MG (Ret.) Dr. Roger Van Hoof
Future Forces Forum
International Committee of Military Medicine
Global Health Cooperation and Military Medicine
Civil-military cooperation is mandatory in CBRN defense matters. For to the ‘B’ aspect in CBRN, the civil-military, or better, the civil-military medical cooperation has to be imbedded in a ‘global halth’ approach. However, when we want to analyze the possible participation of military medical services in a global health approach, we have first to answer some important questions : 1. What is ‘Global Health’ ? 2. What is ‘Global Health Cooperation ?’ Only if we have the answers on these questions, we can decide what kind of participation military medical services can offer in such a cooperation. However, the definitions of ‘Global Health’ and ‘Global Health Cooperation’ are yet not clear and certainly very complicated because of the involvement of various different elements. For example ‘Global Health’ evolved progressively from controlling infectious-disease transmission in a globalized world to the effect of the global economy on health issues, with other aspects between these two. Governments, transnational corporations, non-governmental organizations, religious and other international movements, can make their own decisions when they participate in a global health cooperation. Military medical services however are embedded in national structures, under the authority of their government and cannot take decisions on their own when they participate in such a cooperation. Depending on the kind of cooperation, military medical services can either not at all or only partially – after approval by their government - participate in a global health cooperation. For military medical services, participation in a multilateral international cooperation, approved by their government, is much more realistic in the defense against infectious agents. However, cooperation in some health research and in exchange of scientific knowledge and practical medical and health experience is more appropriate for the national military medical services. This is the focus and the mission of the International Committee of Military Medicine, as intergovernmental, neutral and impartial organization.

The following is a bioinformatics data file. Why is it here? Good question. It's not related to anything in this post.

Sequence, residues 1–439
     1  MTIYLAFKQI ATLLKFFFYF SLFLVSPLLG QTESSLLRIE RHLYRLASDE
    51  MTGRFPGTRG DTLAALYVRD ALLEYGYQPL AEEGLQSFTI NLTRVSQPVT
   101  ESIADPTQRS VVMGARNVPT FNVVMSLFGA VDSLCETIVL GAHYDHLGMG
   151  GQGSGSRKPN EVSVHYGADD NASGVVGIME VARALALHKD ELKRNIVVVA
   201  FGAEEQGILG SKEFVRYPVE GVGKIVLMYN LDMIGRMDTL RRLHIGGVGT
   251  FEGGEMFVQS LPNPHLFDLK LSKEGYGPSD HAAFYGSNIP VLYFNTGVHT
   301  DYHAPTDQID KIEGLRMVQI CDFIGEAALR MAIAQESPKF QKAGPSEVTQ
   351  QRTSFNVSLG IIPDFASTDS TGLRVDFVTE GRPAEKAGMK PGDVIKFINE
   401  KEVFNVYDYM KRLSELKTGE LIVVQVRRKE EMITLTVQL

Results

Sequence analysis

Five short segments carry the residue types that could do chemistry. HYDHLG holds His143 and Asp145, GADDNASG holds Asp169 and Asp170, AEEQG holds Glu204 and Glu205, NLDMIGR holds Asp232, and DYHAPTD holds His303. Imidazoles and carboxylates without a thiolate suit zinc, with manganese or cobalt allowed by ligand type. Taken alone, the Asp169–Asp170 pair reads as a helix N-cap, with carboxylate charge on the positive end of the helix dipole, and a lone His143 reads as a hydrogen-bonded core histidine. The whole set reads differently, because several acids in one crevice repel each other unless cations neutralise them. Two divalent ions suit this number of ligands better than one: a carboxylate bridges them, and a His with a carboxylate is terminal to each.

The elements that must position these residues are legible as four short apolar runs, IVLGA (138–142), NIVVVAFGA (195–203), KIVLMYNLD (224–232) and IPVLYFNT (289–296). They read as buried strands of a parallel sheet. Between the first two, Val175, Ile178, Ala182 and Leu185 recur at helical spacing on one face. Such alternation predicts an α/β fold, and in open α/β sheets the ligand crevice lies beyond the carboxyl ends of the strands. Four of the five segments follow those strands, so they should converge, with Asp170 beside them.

Born in Belgium and raised in Brussels, he joined the Belgian Royal School of Military Health Service in 1964, started his medical education in the same year and graduated as MD at the University of Leuven (Louvain – KUL) in 1971. He was the Medical Officer of the 1st Belgian Infantry Brigade in Siegen (Germany) from 1971 to 1973 and started then as resident in Internal Medicine and Cardiology in the University Clinic of Louvain, Belgium. From 1978 to 1981 he worked as cardiologist in the Belgian Military Hospital in Cologne (Germany) and from 1978 to 1981 as cardiologist and head of the department of Epidemiology and Medical Research at the Military Hospital Queen Astrid in Brussels. From 1983 to 1997 he was research fellow in the hypertension and cardiac rehabilitation lab at the University of Louvain (Belgium) and consultant for sport cardiology and cardiac rehabilitation at the University Clinic. From 1997 to 1999 he became the director of the Military Hospital Queen Astrid in Brussels. In 1999 he was promoted Major General and became the Surgeon General and Chief of Staff of the Belgian Military Health Service. From 1999 to 2005 he was the Chairman of COMEDS (Committee of Surgeon Generals of NATO) and from 2001 to 2006 Aid of the Belgian King. He retired from the Belgian Armed Forces in 2006. Since November 2011 he is the Secretary General of the International Committee of Military Medicine.